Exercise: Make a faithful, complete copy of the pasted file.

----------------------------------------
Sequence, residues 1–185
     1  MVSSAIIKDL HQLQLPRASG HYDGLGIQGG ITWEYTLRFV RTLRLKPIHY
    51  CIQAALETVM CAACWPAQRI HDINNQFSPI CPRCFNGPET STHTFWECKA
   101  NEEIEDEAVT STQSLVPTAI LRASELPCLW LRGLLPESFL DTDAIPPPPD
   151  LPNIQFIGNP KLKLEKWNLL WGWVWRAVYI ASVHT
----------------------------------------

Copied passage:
Sequence, residues 1–185
     1  MVSSAIIKDL HQLQLPRASG HYDGLGIQGG ITWEYTLRFV RTLRLKPIHY
    51  CIQAALETVM CAACWPAQRI HDINNQFSPI CPRCFNGPET STHTFWECKA
   101  NEEIEDEAVT STQSLVPTAI LRASELPCLW LRGLLPESFL DTDAIPPPPD
   151  LPNIQFIGNP KLKLEKWNLL WGWVWRAVYI ASVHT